Goalkeepers: Diego Benaglio (Wolfsburg), Roman Buerki (Grasshopper), Yann Sommer (Basel);
Defenders: Johan Djourou (Hamburg), Michael Lang (Grasshopper), Stephan Lichtsteiner (Juventus), Ricardo Rodriguez (Wolfsburg), Fabian Schaer (Basel), Philippe Senderos (Valencia), Steve von Bergen (Young Boys), Reto Ziegler (Sassuolo);
Midfielders: Tranquillo Barnetta (Eintracht Frankfurt), Valon Behrami (Napoli), Blerim Dzemaili (Napoli), Gelson Fernandes (Freiburg), Gokhan Inler (Napoli), Xherdan Shaqiri (Bayern Munich), Valentin Stocker (Basel);
Forwards: Josip Drmic (Nuremberg), Mario Gavranovic (Zurich), Admir Mehmedi (Freiburg), Haris Seferovic (Real Sociedad), Granit Xhaka (Borussia Monchengladbach).
To paraphrase a vague, yet ubiquitous football cliché, Switzerland are a team that ‘go about their business’. So, what does that mean exactly? Well, despite beating Spain 1-0 in the group stages in the 2010 World Cup, not many neutrals were shouting for Switzerland to be their tournament upsetters. Switzerland didn’t play particularly good football at the last tournament, but were highly organised and professional. This time around, however, the Swiss squad has a bit more guile, afforded them by the emergence of genuine technical talent in the form of players such as Xherdan Shaqiri, Valentine Stocker, and Granit Xhaka.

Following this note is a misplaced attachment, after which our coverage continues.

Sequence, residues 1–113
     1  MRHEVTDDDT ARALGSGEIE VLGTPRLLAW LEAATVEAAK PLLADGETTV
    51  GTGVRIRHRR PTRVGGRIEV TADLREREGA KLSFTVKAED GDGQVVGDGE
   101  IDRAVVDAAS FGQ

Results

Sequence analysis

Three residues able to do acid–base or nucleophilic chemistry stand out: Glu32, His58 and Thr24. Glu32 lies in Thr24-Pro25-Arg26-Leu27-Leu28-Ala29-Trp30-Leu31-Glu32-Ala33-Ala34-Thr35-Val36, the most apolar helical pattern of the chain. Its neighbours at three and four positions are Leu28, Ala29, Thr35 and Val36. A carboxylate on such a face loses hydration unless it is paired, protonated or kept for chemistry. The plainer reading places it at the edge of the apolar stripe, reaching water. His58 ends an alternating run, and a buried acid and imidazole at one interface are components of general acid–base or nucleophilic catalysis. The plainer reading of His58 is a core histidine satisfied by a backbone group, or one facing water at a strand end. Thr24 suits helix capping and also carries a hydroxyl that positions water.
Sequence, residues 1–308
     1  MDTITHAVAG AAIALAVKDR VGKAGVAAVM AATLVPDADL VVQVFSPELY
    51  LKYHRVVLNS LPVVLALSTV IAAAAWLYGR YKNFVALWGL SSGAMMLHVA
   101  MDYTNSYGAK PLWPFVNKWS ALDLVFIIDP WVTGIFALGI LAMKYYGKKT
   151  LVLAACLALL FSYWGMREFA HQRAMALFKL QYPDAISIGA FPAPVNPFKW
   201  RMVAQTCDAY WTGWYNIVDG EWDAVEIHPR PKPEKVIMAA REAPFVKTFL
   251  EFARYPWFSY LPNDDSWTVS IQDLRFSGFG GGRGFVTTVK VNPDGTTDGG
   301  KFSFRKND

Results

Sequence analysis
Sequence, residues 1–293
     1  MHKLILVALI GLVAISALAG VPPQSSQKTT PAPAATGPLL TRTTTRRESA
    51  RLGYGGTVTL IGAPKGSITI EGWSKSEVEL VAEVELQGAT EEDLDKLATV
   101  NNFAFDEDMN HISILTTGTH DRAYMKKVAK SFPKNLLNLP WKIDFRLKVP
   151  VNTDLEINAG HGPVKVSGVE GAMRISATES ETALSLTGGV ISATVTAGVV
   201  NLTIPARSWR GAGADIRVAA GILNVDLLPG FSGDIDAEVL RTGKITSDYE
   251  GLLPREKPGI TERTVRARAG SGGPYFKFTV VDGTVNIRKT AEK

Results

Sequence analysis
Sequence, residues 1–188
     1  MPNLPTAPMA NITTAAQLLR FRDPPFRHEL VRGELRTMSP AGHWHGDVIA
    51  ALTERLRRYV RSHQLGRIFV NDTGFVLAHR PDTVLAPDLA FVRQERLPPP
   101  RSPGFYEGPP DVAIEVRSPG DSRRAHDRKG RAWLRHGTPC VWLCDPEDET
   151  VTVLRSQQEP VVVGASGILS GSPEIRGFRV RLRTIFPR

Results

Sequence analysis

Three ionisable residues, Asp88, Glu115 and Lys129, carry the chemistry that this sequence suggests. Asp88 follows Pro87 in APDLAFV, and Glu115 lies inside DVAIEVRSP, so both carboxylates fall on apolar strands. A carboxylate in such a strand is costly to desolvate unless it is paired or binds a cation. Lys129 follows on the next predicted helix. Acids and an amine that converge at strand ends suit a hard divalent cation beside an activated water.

Based on technical ability, Shaqiri and Xhaka offer Switzerland more incision in their play. However, both failed to make impacts at club level in the Bundesliga, and go into the tournament in mediocre form. Elsewhere, Stephan Lichtsteiner will bolster the Swiss attacking options. While Lichtsteiner has been operating as a makeshift winger/attacking wing back for Juventus, Swiss manager Ottmar Hitzfeld is likely to deploy him as a right fullback. Lichtsteiner’s strongest attribute is his pace and endless stamina, and as an overlapping defender, he will cause problems for most oppositions and open up space for other wide players such as Stocker and Shaqiri.
Perhaps the biggest burden in the squad is on new European prospect Josip Drmic. Having carved out an impressive 17 goals at relegated Nurnberg in the Bundesliga, 21 year old Drmic earned himself a move up to Bayer Leverkusen. Despite this impressive emergence, Drmic has played just short of 90 minutes for Switzerland in their whole qualifying campaign. While Drmic’s form will be key for the Swiss in Brazil, the side comfortably walked through qualification, putting together a ten match unbeaten run.
What’s clear is that since that 2010 tournament, Hitzfeld has made big strides to add some firepower to a well organised but workmanlike side; a side that could defeat Spain with a defensive display but were unable to score against Honduras. If Switzerland are to do well and surprise people in the tournament, they’ll need in-form players, such as Drmic, continuing to find the net, and better players who haven’t figured as much in their teams, such as Xhaka and Shaqiri, to realise their potential.
As previously stated, it is crucial for Switzerland that Xherdan Shaqiri discover some form. Shaqiri has been in the unfortunate position of having to fight for a place at Bayern Munich against Arjen Robben and Franck Ribery. While only 22 years old, Shaqiri still has a lot to prove. Brazil 2014 could be his chance to show the world and Pep Guardiola that he is more than a flash in the pan, or sometime ‘next Robben’.
I think Switzerland’s squad is good enough for them to make it out of the group stage. I have them finishing second in their group, behind France. I then have them facing Argentina in the last 16, a match they’ll lose. - Second round.